Introduction — Organisation background Part B:
Should companies seek only to maximize shareholder value or strive to serve the often conflicting interests of all stakeholders? Scandals at Enron, Global Crossing, ImClone, Tyco International and WorldCom, concerns about the independence of accountants who are charged with auditing financial statements, and questions about the incentive schema and investor recommendations at Credit Suisse First Boston and Merrill Lynch have all provided rich fodder for those who question the premise of shareholder supremacy.
Before attempting to declare a victor, however, it is helpful to consider what the two theories actually say and what they do not say. The objective is to balance profit maximization with the long-term ability of the corporation to remain a going concern.
The fundamental distinction is that the stakeholder theory demands that interests of all stakeholders be considered even if it reduces company profitability. Third, it is sometimes claimed that the shareholder theory prohibits giving corporate funds to things such as charitable projects or investing in improved employee morale.
In fact, however, the shareholder theory supports those efforts — insofar as those initiatives are, in the end, the best investments of capital that are available. It is sometimes claimed that the stakeholder theory Managerial stakeholder theory essay not demand that a company focus on profitability.
As many observers have pointed out, the stakeholder view does have a historical tradition in the U. As long as the firm made a decent profit every year and raised the dividend it paid its stockholders, this was considered good enough. One force was the pointed arguments of free-market economists.
However, the prospect of such takeovers seemed to have made it, for a time, more dangerous for executives to acknowledge publicly anything other than the shareholder theory 14 or to behave in any fashion that could suggest a nonoptimal return to shareholders.
Consider a business with many long-term employees that has manufactured its products for more than 30 years in a small Mid-western town. Those products have been sold in many foreign markets — but for the past 10 years, not in the United States.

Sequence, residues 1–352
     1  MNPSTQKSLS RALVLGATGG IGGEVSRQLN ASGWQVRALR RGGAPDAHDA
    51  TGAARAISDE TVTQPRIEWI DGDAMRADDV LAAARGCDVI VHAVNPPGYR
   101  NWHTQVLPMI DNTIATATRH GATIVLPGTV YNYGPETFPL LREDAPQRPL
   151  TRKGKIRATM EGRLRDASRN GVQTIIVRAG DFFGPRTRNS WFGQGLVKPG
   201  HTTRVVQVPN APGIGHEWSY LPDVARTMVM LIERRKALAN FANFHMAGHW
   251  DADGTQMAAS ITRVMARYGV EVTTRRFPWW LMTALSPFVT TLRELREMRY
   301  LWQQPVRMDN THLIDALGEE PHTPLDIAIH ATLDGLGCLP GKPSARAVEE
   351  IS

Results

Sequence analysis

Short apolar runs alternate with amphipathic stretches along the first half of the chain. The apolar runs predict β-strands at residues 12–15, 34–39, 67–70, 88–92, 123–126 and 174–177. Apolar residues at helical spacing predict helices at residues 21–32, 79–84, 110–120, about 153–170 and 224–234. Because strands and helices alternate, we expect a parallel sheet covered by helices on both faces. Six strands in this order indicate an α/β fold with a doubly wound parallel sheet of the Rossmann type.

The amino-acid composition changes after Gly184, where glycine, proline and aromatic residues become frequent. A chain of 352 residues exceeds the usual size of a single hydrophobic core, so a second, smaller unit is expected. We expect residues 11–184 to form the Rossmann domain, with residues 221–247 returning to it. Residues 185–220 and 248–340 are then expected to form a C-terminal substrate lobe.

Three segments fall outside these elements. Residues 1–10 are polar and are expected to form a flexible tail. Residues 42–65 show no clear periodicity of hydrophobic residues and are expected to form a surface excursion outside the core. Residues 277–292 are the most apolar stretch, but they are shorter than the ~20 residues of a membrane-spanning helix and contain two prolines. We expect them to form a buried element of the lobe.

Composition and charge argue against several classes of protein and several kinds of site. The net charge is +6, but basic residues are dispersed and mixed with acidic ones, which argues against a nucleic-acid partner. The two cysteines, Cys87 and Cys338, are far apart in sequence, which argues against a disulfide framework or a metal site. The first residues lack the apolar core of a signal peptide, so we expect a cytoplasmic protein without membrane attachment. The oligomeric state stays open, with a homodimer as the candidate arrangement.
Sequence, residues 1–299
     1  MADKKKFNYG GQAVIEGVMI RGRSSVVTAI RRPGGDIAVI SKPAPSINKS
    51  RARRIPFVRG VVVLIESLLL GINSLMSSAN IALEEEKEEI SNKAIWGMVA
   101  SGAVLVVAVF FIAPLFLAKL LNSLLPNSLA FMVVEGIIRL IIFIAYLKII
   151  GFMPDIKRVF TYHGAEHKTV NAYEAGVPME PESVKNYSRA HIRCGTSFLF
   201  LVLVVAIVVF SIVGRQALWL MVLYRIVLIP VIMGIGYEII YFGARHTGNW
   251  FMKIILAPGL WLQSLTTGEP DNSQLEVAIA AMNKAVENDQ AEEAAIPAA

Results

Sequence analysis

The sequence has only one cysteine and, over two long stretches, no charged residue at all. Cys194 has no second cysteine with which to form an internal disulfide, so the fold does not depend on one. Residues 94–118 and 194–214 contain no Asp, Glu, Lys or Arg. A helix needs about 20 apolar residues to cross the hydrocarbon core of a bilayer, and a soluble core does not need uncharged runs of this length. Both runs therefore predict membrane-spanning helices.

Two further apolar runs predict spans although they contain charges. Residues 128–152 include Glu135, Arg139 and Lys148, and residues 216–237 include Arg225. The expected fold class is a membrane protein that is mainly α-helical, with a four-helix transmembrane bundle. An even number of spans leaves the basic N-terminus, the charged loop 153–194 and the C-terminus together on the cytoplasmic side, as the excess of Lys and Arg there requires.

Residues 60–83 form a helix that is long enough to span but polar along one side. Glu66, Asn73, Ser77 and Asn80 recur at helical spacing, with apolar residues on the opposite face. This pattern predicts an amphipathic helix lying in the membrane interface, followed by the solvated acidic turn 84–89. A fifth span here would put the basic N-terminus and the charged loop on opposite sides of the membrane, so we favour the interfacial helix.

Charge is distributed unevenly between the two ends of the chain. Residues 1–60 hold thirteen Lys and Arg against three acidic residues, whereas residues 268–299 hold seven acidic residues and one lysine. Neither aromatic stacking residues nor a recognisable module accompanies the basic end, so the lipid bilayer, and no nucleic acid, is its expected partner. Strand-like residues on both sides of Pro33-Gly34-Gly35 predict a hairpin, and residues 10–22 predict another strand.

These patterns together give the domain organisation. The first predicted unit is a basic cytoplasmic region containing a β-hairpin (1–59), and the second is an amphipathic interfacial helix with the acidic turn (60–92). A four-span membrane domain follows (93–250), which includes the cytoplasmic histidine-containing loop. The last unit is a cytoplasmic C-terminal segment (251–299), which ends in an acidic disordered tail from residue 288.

Its executives have recently concluded that they can no longer afford to manufacture the products domestically, and the most cost-effective solution is to outsource the manufacturing to another country.
The shareholder theory would support closing the plant and would direct the executives to provide only what the law requires to the community and the employees, since there is little possibility of a backlash against the company due to a plant closing because the products are solely for export.
However, the stakeholder theory would infer a normative obligation to both the community and the employees; while it might not demand that the company continue to operate the plant, it would expect some attempt to retrain the employees, help the community attract new industry and so on.
In many cases, though, the linkage between such actions and the profit and loss statement is either nonexistent or so indirect as to strain credulity.
The stakeholder theory demands that stakeholder interests be considered as an end in themselves. If stakeholder interests are being considered only as a means to the end of profitability, then managers are using stakeholders to effect the results dictated by the shareholder theory.
These are two very different concepts. Second, consider the assertion that U. To be sure, most U. However, it is startling to note that there is evidence that public perceptions may not comport with those of economists and the financial community. Note that the study did not ask the managers about their own views on the question.